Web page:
Today’s news:

Rapes drop in 109th as thefts rise in 2012

Police officers Troy Presod (l.-r.) Eunha Kim, Tatina Virzi and Sgt. Allen Yip pose with their Cop of the Month awards. Photo by Joe Anuta
TimesLedger Newspapers

Overall crime was slightly up in the 109th Precinct in 2012 compared to 2011, although major crimes including rape and murder fell by about 50 percent each.

Inspector Brian Maguire, who was recently promoted from deputy inspector, ran through the statistics at a Monday night meeting of Community Board 7. Maguire is the commanding officer at the precinct, which covers Flushing, Whitestone, College Point, Bay Terrace and part of Auburndale.

Murders dropped from eight in 2011 to four in 2012, a decrease of 50 percent, according to NYPD statistics.

Three of the murders occurred over a three-month span this fall.

In August, Alejandro Ramos, 45, was shot in the back in a courtyard of the Bland Houses, according to police. Then in September, a city Parks Department worker fatally stabbed his co-worker, 31-year-old Ezra Black, according to the Queens district attorney. The two men got into an argument over how to handle a bag of garbage at the Al Oerter Recreation Center, according to multiple reports.

In October, a 37-year-old Chinese tourist named Haiyan Yang was mugged in downtown Flushing, according to police. A blow she suffered during the attack left her brain dead, and she later died from her injuries, according to the Queens district attorney.

Rapes declined as well from 19 in 2011 to 10 last year, according to Maguire, a 47 percent decrease. The inspector said the majority of rapes in the 109th Precinct occur between people who know each other.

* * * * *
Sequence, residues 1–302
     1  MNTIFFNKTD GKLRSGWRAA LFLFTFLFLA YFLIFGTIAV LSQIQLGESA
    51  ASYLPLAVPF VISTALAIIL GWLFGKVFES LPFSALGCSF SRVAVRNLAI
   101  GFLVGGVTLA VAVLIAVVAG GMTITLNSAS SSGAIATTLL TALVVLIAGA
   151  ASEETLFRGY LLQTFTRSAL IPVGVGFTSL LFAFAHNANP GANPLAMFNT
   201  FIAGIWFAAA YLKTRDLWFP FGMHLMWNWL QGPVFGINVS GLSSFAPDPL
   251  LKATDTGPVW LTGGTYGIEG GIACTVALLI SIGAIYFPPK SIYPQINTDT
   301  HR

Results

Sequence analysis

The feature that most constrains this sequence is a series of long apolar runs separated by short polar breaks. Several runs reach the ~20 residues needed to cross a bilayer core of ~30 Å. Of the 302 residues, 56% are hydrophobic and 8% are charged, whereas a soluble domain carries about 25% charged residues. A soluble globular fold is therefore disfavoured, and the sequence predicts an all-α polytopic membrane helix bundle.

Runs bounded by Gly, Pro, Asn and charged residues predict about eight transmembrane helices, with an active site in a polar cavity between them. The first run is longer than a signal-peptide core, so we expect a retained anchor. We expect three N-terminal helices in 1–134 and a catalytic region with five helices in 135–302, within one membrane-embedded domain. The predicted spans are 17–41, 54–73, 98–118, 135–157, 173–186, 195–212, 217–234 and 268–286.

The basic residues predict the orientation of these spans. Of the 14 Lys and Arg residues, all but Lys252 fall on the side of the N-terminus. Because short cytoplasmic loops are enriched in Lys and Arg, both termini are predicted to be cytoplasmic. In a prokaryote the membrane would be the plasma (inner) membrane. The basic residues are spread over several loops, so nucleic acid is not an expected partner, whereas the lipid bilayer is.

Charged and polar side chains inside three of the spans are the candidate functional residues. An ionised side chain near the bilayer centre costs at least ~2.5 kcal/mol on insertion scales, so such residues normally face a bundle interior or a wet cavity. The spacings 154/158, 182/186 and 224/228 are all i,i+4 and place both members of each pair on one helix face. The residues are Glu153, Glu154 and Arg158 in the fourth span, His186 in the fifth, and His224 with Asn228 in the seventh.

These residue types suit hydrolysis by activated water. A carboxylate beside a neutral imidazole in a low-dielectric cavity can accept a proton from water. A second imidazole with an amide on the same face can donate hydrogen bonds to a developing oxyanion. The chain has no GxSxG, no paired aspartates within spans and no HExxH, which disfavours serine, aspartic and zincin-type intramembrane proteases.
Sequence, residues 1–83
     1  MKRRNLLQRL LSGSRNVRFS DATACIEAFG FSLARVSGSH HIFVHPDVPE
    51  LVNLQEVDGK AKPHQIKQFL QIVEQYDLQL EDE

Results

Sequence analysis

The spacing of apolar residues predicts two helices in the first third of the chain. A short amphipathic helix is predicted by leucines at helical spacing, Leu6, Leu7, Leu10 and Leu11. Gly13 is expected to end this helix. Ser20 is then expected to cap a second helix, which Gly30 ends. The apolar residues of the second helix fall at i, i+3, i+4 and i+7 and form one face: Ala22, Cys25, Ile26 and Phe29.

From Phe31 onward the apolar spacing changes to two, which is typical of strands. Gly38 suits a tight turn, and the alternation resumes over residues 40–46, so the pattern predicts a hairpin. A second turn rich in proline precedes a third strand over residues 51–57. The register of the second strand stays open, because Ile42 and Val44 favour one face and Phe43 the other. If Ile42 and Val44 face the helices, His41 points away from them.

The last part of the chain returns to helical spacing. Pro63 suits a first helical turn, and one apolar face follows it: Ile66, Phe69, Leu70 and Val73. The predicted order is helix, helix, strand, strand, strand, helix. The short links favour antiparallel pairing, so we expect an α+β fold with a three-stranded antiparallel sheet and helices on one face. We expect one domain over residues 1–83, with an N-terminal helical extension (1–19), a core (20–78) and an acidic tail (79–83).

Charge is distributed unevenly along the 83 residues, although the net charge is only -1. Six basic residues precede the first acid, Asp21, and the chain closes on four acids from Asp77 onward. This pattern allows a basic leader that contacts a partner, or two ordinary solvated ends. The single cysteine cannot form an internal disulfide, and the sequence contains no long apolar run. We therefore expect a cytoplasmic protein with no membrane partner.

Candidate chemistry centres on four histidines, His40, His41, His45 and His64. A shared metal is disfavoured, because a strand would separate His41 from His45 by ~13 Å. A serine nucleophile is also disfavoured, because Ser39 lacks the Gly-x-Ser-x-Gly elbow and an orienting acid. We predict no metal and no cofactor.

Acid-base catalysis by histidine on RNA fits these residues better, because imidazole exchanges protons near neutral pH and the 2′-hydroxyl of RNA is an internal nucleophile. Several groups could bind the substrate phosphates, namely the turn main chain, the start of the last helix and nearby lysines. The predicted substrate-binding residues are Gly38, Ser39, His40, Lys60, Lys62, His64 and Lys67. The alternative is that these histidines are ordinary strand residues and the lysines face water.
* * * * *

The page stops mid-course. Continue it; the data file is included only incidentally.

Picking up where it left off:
The next largest crime shift was in stolen cars. The precinct registered 287 thefts in 2011 but only 214 last year for a decrease of 25 percent, according to the NYPD.

Maguire said Ford Econoline vans are the most stolen car in the precinct, and many crews steal them to sell to scrap yards.

But grand larceny increased from 695 in 2011 to 773 last year, a rise of about 11 percent. If the property is valued at more than $1,000 or a credit card was taken, it qualifies as grand larceny, according to police.

Many of the thefts occur due to people leaving property unattended in their vehicles, according to Maguire, who said all manner of pocketbooks, cellphones and even laptops and cash are left behind in cars and frequently taken. Maguire also said thieves are stealing whole car doors and seats from cars, and urged neighbors to report any suspicious auto maintenance being performed during the wee hours.

Burglaries increased from 399 in 2011 to 439 last year, a rise of 10 percent. Crews from around the city travel to middle-class and affluent neighbors in areas like Whitestone and College Point to break into homes, according to Maguire.

Felony assaults rose from 242 in 2011 to 263 last year, an increase of nearly 9 percent, according to Maguire, who said that about 46 percent of felony assaults occur in the home. Robberies increased from 252 in 2011 to 268 last year, the inspector said.

At a 109th Precinct Community Council meeting, three domestic violence officers — Eunha Kim, Tatina Virzi and Troy Presod — were honored as Cops of the Month along with Sgt. Allen Yip, who oversees the unit. Presod made the second-most domestic violence arrests in the entire city, according to Maguire.

Reach reporter Joe Anuta by e-mail at januta@cnglocal.com or by phone at 718-260-4566.

Pin It
Print this story Permalink

Reader Feedback

Enter your comment below

By submitting this comment, you agree to the following terms:

You agree that you, and not TimesLedger.com or its affiliates, are fully responsible for the content that you post. You agree not to post any abusive, obscene, vulgar, slanderous, hateful, threatening or sexually-oriented material or any material that may violate applicable law; doing so may lead to the removal of your post and to your being permanently banned from posting to the site. You grant to TimesLedger.com the royalty-free, irrevocable, perpetual and fully sublicensable license to use, reproduce, modify, adapt, publish, translate, create derivative works from, distribute, perform and display such content in whole or in part world-wide and to incorporate it in other works in any form, media or technology now known or later developed.

CNG: Community Newspaper Group